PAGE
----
Something Missing at the Black History Month Program

black-history-month

Artwork provided by http://unothegateway.com/

Multiple question marks on paper[/caption]It is Black History Month where America, and more specifically, those Americans of African descent celebrate culture and achievements.  My nieces asked me to attend their Black History Month event last night. It was held at a local church where they go for an after school program sometimes. They waited the day before the event to ask me to go, and they asked me several times.  I submitted and committed to going to the event.  You can tell from my writing that I was very much enthused…not. I love my nieces and nephews, but this part of being an auntie, is not my favorite and I avoid it as much as possible.  

Misery loves company, so I asked my mother if she wanted to go. She genuinely did. At 6:45 PM the next day, my mother and I were driving up to the parking lot of the church.  I dropped my mom at the door so that she would not have to walk in the newly fallen snow and the ice that it covered. After I had parked, I went to the church and was met with the chaos of children of all ages running around getting ready for their performance. I smiled remembering me being in their place. 

My mom already found a seat in the sanctuary. I sat next to her like I use to in church when I was a kid.  She asked me about the time. I told her it was 7 o'clock. She seemed surprised that the show had not started and began to look around, noticing she and I were the only ones in the audience. Around 7:15 others began to pour in; grandmothers, mothers, aunts and the people who financially supported the program. A few minutes later drums played on the sound system and dancing, speeches and singing began.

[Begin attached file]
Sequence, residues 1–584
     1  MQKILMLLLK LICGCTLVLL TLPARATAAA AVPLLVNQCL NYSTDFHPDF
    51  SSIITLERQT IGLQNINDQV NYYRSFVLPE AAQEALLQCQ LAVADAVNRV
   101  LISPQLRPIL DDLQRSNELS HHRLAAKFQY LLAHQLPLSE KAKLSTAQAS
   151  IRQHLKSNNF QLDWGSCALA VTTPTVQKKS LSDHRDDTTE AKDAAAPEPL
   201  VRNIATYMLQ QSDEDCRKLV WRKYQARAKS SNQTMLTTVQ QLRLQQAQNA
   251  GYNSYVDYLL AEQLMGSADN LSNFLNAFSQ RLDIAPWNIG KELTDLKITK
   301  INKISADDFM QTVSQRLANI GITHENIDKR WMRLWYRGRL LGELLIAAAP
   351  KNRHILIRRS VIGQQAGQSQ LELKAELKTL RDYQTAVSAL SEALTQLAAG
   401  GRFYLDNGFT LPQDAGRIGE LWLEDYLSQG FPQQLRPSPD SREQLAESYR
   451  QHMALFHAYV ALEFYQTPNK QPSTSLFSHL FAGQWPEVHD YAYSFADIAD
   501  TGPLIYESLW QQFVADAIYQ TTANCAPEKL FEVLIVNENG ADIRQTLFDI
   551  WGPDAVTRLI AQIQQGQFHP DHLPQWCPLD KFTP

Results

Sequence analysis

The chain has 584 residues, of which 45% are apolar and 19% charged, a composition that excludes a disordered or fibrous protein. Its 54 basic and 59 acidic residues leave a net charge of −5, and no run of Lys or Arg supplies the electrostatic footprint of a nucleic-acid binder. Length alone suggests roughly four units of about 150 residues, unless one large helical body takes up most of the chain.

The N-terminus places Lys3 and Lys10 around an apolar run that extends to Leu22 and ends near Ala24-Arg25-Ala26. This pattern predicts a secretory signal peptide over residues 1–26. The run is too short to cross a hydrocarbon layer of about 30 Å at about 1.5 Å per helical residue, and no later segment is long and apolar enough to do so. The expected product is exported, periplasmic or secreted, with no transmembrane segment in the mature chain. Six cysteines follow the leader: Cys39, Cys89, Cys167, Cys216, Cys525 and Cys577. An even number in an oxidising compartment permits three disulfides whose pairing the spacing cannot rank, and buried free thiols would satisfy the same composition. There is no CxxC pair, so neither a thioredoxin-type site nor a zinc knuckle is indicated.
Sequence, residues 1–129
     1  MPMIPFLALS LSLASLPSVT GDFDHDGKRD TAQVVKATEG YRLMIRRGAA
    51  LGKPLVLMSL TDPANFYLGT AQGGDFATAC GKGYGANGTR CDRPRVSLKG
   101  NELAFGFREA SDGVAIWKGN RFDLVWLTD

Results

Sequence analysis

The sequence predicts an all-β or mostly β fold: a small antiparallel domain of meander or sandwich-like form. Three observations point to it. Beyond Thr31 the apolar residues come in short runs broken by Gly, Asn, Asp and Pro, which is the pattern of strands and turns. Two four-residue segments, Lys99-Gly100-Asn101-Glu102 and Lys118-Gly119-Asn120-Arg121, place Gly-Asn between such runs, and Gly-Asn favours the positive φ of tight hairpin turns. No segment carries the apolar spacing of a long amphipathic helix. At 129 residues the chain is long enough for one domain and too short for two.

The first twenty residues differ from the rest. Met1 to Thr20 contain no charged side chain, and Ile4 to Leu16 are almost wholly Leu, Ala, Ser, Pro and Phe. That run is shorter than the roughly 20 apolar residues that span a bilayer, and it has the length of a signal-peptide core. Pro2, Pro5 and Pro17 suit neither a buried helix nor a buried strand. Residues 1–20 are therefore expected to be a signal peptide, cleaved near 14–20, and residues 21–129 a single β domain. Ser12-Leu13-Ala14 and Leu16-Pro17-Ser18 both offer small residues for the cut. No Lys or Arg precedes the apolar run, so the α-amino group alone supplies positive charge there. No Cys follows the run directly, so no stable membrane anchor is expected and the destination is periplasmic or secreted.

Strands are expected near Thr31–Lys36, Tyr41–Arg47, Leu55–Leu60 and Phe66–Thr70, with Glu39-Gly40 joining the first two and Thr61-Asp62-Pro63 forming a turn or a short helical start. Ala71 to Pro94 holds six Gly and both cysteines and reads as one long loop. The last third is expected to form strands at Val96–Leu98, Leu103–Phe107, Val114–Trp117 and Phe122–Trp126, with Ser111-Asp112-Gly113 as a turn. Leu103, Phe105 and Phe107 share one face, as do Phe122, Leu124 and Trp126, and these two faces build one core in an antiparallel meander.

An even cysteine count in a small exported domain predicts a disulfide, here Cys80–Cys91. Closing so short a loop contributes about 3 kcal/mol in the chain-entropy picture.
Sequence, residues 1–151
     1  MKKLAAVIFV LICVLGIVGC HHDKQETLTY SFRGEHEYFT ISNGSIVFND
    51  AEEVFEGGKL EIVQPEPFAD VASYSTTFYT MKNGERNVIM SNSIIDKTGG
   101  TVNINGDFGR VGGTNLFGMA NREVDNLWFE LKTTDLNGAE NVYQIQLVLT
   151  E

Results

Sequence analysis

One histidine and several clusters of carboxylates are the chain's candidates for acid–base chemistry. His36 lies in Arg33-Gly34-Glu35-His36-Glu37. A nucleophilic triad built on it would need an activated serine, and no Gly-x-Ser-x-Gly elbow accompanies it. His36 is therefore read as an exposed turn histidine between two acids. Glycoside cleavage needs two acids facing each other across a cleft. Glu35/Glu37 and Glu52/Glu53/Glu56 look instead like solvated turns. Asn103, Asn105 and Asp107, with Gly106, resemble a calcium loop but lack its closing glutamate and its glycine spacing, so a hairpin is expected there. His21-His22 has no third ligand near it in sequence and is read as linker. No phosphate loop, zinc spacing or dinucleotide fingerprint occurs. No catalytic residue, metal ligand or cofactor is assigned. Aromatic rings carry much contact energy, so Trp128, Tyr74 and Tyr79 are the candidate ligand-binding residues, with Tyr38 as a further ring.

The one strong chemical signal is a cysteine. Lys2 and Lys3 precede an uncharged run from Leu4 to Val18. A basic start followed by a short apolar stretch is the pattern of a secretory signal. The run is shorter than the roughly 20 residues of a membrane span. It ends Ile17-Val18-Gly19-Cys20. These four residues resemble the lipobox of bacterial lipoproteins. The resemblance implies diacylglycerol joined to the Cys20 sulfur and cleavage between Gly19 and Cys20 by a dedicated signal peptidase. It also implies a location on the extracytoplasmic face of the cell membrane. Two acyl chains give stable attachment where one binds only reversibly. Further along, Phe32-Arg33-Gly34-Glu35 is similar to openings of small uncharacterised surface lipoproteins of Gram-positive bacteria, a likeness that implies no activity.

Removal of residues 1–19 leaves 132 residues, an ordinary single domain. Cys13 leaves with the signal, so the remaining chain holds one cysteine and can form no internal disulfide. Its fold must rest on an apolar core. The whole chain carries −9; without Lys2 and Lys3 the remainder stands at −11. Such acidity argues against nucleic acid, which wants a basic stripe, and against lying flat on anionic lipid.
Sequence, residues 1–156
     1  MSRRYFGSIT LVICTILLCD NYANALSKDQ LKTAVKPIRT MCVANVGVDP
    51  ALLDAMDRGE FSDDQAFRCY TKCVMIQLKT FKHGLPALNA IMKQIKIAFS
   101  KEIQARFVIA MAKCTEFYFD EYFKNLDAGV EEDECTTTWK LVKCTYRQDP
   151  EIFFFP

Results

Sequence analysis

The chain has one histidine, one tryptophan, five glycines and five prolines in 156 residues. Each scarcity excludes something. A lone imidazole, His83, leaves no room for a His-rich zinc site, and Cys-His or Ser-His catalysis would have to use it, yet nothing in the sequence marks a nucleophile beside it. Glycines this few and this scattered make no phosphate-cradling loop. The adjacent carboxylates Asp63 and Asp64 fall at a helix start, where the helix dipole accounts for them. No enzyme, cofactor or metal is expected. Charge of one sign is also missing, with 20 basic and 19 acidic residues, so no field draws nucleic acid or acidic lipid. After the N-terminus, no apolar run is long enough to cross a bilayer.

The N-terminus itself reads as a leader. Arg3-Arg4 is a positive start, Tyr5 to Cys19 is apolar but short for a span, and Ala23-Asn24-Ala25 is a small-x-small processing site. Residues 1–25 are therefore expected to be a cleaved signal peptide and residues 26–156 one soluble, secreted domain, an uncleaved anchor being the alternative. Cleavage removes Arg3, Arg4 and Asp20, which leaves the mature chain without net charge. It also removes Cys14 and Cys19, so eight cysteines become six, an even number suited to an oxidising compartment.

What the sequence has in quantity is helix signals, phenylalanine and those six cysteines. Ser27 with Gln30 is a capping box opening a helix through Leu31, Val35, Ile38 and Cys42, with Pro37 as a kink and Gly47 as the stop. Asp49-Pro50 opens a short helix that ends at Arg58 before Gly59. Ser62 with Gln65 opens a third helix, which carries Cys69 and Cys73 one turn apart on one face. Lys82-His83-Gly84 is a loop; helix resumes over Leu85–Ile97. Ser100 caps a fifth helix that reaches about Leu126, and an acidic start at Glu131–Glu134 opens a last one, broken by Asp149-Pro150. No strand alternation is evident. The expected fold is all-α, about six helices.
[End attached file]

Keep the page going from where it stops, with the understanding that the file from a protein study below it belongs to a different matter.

In the back of the church sat several young boys. Another young man was standing at the door of the sanctuary making sure no one interrupted the program by coming in and out of the door.  Outside of that, there was no male presence. None of the boys performed in the program, and there were no fathers, uncles or grandfathers in the audience. That struck me. A few days before this, I was interviewing people in my neighborhood for a project, discussing the 1967 riot that occurred in Detroit. One subject that continued to come up in those discussions was the broken black family dynamic and how males are frequently missing in the households.  This program was a blaring outcome of that. Not only were there not males in the audience to enjoy the work of the children. There were not males to help in running the program, and the outcome is no activities in the program that were more male-friendly and supportive. 

The reason male presence is small or sometimes non-existent in the black community is very layered. Here are just a few that feed into this phenomena:

  1. Slavery: Many families were broken up in the buying and selling of slaves, creating a different dynamic in black households than in other American households
  2. War/Military: A vast proportion of men who were drafted and took part in wars and military are men of color. Again, removing them from homes and at times bringing them back in emotionally broken mindsets. 
  3. Drugs: Drugs began to pour into the neighborhoods and streets of lower and middle-class neighborhoods, causing havoc in families and communities